Ultrasound scanner measures blood pressure from many points in body
4 July 2011
Researchers at Eindhoven University of Technology, together with Italian company Esaote, have developed a new technique to measure blood pressure using ultrasound.
Using an ultrasound scanner, which is well known from pregnancy ultrasound scans, they will soon be able to measure the blood pressure pulse at many points in the body. The ultrasound scan can show blood flow and the blood vessel wall motion, from which the blood pressure can be derived using a mathematical model. This will provide much more information about the vascular system than the traditional measurement method using an inflatable cuff on the arm.
As a result, physicians will be able in the future to quickly gain an overall impression of the condition of the heart and blood vessels. This is in line with the current trend in healthcare with an increasing focus on the prevention of cardiovascular disease. The results were published last month in the journal Ultrasound in Medicine and Biology.
“Scientists have for years been looking for a non-invasive method to measure the blood pressure pulses at highly localized points in the body”, explains TU/e researcher dr. Nathalie Bijnens of the Department of Biomedical Engineering.
“The usual method is to insert a catheter with a pressure sensor. But that’s an invasive procedure, and not suitable for preventive diagnostics. There’s also the traditional method using an inflatable arm cuff. But that doesn’t allow any conclusions to be drawn about — for example — the blood pressure in the carotid artery. In this method, the cuff is inflated until the blood flow in the arm is stopped, allowing the systolic and diastolic (maximum and minimum) values in the arm to be measured. That means you won’t find anyone willing to have the blood pressure in their neck measured using an inflatable cuff.”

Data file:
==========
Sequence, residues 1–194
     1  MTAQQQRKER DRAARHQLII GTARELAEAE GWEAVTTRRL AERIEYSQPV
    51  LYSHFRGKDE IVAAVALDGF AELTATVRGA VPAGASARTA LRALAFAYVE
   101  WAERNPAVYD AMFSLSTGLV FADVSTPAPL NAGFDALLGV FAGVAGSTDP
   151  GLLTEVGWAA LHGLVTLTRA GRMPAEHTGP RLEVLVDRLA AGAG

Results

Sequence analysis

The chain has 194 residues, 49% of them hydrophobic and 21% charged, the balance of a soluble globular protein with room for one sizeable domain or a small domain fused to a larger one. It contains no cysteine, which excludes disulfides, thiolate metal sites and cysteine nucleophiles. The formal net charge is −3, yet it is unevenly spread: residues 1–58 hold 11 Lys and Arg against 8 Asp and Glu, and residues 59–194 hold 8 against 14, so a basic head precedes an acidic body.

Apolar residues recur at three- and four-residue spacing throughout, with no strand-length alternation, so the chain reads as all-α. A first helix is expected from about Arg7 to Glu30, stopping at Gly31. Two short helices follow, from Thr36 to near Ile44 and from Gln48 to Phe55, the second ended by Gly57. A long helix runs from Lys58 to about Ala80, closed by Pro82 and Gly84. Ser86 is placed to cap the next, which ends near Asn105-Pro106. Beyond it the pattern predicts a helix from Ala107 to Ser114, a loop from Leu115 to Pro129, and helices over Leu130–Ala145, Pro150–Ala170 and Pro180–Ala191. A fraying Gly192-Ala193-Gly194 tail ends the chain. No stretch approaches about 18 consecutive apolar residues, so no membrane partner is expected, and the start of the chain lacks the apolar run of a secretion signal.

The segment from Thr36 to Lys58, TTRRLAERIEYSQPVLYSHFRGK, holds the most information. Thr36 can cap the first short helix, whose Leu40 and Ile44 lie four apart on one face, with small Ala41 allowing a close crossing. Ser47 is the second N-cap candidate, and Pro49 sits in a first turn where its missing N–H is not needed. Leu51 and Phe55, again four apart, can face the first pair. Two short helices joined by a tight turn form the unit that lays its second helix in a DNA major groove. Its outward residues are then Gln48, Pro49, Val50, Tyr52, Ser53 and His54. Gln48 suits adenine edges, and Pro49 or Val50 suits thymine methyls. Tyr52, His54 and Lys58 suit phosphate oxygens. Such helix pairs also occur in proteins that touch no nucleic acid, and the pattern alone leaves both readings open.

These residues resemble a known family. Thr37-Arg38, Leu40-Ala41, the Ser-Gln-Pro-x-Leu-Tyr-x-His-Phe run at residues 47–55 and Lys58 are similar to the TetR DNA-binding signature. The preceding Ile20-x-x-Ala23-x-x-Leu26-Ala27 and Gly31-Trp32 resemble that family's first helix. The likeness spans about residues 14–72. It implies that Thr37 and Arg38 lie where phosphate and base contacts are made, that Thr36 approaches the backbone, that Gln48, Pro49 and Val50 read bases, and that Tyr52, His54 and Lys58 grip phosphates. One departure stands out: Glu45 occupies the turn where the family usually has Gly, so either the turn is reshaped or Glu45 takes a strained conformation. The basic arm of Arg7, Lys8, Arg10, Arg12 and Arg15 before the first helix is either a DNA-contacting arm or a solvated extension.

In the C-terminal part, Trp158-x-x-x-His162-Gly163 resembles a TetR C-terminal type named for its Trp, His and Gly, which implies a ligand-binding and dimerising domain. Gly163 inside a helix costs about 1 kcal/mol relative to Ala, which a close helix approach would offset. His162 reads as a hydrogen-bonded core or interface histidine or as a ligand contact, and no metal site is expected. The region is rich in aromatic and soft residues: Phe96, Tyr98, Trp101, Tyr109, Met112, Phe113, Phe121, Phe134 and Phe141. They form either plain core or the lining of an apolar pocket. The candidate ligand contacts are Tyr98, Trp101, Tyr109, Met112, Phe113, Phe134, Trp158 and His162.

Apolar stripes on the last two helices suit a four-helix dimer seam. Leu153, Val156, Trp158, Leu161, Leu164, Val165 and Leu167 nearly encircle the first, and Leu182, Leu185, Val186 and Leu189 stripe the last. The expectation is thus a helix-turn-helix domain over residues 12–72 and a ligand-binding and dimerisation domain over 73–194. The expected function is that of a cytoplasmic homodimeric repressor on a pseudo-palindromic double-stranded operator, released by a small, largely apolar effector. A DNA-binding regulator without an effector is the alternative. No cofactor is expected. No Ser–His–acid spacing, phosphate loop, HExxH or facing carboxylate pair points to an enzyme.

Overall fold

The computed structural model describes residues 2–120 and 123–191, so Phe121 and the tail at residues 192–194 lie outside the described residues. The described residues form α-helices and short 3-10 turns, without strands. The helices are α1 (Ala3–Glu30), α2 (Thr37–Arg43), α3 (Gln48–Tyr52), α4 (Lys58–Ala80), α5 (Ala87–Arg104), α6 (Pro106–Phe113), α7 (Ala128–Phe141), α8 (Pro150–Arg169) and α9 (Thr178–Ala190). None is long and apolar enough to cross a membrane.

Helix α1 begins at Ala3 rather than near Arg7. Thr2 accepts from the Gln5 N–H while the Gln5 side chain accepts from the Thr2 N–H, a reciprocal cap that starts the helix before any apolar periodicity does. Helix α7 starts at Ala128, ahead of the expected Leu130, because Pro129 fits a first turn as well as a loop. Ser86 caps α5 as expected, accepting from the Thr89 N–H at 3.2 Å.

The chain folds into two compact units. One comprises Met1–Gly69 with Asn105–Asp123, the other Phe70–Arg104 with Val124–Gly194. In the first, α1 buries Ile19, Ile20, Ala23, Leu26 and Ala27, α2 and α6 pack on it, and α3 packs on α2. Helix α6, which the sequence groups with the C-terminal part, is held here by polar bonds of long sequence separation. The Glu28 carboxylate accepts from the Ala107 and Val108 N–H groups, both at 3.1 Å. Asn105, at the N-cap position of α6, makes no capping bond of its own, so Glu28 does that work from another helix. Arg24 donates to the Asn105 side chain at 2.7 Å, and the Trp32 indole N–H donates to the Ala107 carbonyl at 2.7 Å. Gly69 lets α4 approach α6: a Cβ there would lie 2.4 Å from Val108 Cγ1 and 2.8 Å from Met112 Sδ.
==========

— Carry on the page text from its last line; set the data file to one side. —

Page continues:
The new technique uses ultrasound to make patient-friendly blood pressure measurements at many points in the body. All that is needed is to apply a small amount of gel so that the ultrasound scanner makes good contact with the skin.
The key to the new technique is above all the sophisticated signal processing. The researchers are able to achieve good visualization of the blood flow and the blood vessel wall motion, from which the blood pressure can be derived, by means of a mathematical model.
They can also see the variations in blood pressure and flow in time as a result of the beating of the heart. The simultaneous knowledge of pressure and flow also provides information about ‘downstream’ parts of the vascular system. The new technique will allow physicians to carry out preventive investigations of the cardiovascular system, for example, and to monitor the development of diseases such as atherosclerosis, thrombosos or aneurysms (dangerous dilations of a blood vessel).
The researchers published their results last month in the scientific journal Ultrasound in Medicine and Biology. The method was first tested on elastic plastic tubes, and after that on pigs’ carotid arteries from an abattoir, with good results. The technique is currently being tested on volunteers, in advance of clinical tests with patients.
The results are promising. It is still expected to take several years before the technique can be used in clinical practice, for example in family doctors’ surgeries, says Bijnens. “By performing a simple scan, the physician can detect vascular disease in an early stage and decide for a preventive treatment.”
This new method for measuring blood pressure is part of a new direction for the research group led by prof. Frans van de Vosse. The group’s work focuses on making mathematical models of the vascular system. “For example we have developed a model to locate the best places to enter veins in the arms of dialysis patients”, says Van de Vosse. “But that model needs detailled input, which is why we decided to develop a measurement method ourselves.”
Toward Noninvasive Blood Pressure Assessment in Arteries by Using Ultrasound. Ultrasound in Medicine and Biology, May 2011. DOI: 10.1016/j.ultrasmedbio.2011.01.020.